Years 9 and 10 (F-10 sequence)
Interview: Mobile phones at the table
Summary of task
The interview took place at the end of a unit on eating etiquette in China. Students discussed (in English and Chinese) the cultural practices related to sharing a meal with family and friends in China and the similarities and differences between Australia and China. The unit also incorporated learning appropriate vocabulary, expressions, grammar and idioms related to the theme of the unit.
Students were then given a visual stimulus text of a group of people who were sitting at a table laden with food and who were all engaged with their mobile phones rather than with each other or the food. Students were asked to write a written response to the stimulus text describing the picture, referring to cultural practices, personal experiences and points of view about mobile phones at the table. Following the written response there was an oral component to the task.
Students were asked to respond to a series of unprepared oral questions relating to the visual text given for the written response above. They were expected to answer questions on their ideas and points of view on the use of mobile phones at the table whilst dining with friends and/or families. This task was conducted as an interview. Students were expected to respond to the questions asked. Students could refer to their written response but not read the text. Students were expected to manipulate the language to respond appropriately to the question asked.
By the end of Year 10, students use spoken and written Chinese to sustain extended interactions with familiar and unfamiliar participants in a range of contexts (for example, interacting with Chinese-speaking students online; using Chinese to ask about items in a local Chinese grocery). Students use pinyin to transcribe spoken texts and use characters to create written texts. They identify key ideas and compare information from multiple sources (such as 新闻，访谈，podcast, 纪录片) to develop and substantiate their own position on topics of personal interest or issues of broader significance. They exchange ideas and opinions, for example, 为什么学中文很重要？； 澳大利亚的语言；好用的手机app, 我不太同意你的说法，因为…你觉得呢？； 虽然你说得有道理，但是… 所以我觉得… They speak with attention to pronunciation and tone. Students respond to and create a range of short informative and imaginative texts for a variety of audiences and purposes, for example, 什么是最健康的食物？ 如果我…的话. They use a range of sentence structures and grammatical features to develop cohesion and coherence in these texts, including prepositional phrases to describe participants (for example, 我和 / 跟妈妈去买东西), and adverbs to express time, tense and frequency of events, for example, 总是，还没有. They use conjunctions (for example, 虽然如此…，尽管这样…但是…) and apply a range of stylistic devices such as rhetorical questions, quotes and 成语. They translate texts and produce bilingual texts, recognising that not all concepts can be readily translated Chinese and English. They engage with a range of imaginative texts, for example, 娱乐节目-小品，合唱，音乐录影，流行歌曲比赛，电视片，电影.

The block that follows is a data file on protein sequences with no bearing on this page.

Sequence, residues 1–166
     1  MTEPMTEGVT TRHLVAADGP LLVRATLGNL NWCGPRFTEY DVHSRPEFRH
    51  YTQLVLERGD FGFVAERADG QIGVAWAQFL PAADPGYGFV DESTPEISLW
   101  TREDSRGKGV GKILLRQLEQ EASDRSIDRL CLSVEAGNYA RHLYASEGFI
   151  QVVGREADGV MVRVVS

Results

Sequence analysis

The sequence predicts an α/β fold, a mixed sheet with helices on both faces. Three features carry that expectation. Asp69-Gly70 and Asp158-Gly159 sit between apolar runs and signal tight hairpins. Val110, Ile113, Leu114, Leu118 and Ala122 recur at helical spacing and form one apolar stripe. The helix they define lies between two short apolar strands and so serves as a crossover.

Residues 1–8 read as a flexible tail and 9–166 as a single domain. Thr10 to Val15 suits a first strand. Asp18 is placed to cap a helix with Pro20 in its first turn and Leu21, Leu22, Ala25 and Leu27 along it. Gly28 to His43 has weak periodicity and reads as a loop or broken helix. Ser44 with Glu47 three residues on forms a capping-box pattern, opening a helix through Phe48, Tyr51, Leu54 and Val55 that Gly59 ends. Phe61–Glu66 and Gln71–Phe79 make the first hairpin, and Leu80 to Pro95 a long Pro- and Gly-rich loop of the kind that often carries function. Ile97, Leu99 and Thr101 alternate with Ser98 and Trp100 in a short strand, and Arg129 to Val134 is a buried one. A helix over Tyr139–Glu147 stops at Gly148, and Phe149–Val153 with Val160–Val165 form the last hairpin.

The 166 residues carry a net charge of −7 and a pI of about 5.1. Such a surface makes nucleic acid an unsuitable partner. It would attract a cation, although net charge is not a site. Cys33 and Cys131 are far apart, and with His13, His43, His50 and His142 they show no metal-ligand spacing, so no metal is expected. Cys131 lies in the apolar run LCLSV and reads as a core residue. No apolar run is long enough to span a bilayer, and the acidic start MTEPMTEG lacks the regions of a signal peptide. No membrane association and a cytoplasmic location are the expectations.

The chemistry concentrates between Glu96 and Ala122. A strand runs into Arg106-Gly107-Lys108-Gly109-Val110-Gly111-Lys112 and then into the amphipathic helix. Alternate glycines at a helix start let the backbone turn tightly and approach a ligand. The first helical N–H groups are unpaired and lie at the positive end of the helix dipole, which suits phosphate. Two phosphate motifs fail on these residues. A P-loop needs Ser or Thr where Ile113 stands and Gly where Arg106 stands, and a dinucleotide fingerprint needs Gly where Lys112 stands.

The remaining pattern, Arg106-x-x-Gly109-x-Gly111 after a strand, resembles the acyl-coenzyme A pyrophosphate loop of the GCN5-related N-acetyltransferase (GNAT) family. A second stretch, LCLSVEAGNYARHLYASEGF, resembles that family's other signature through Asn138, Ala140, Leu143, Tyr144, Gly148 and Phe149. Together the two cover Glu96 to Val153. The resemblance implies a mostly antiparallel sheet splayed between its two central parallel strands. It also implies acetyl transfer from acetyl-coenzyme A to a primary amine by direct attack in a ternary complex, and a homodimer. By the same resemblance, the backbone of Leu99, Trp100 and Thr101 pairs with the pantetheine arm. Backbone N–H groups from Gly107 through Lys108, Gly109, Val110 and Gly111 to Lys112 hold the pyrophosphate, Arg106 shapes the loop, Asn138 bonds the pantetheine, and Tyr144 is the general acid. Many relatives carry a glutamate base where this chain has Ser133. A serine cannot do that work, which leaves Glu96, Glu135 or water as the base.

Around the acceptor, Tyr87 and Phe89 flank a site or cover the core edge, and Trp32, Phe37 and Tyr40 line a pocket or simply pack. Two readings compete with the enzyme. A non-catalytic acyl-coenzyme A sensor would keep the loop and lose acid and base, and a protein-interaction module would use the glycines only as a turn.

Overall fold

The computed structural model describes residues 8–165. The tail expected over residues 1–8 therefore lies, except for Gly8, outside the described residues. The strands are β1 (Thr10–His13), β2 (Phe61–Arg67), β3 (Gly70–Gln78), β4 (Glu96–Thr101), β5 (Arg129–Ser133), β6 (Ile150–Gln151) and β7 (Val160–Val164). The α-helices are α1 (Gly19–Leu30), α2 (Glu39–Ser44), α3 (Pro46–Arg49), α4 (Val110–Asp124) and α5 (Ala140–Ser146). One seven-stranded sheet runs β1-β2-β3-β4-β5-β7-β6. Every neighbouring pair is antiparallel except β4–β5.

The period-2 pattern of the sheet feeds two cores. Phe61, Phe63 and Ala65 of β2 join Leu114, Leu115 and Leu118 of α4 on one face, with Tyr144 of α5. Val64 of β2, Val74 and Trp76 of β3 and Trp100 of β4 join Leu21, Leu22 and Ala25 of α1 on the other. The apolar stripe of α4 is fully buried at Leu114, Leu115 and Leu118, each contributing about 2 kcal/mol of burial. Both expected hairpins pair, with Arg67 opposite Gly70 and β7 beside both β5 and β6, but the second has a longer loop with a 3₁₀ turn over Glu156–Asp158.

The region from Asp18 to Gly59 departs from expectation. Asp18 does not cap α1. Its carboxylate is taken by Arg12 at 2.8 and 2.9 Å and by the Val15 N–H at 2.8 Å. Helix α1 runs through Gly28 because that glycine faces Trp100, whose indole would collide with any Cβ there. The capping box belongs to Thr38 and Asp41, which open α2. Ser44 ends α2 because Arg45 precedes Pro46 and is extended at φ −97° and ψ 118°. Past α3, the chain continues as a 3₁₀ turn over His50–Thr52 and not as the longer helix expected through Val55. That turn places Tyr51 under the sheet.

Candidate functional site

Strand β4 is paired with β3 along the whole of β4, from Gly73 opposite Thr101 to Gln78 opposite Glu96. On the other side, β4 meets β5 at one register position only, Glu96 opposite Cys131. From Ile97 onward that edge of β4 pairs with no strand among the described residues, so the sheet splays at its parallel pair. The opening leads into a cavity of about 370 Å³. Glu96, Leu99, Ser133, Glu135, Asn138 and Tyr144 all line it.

Students recognise how writers and speakers, including themselves, make deliberate choices when using language features and text structures. They recognise that language is dynamic and is influenced by time, place, setting, participants and contexts. When interacting with a range of texts they identify how audience and purpose shape their own and others’ language choices and interpretation of these texts. They explain how features of Chinese culture and language shape their own and others’ communication practices. Students reflect on how their own cultural experience impacts on interactions with Chinese speakers.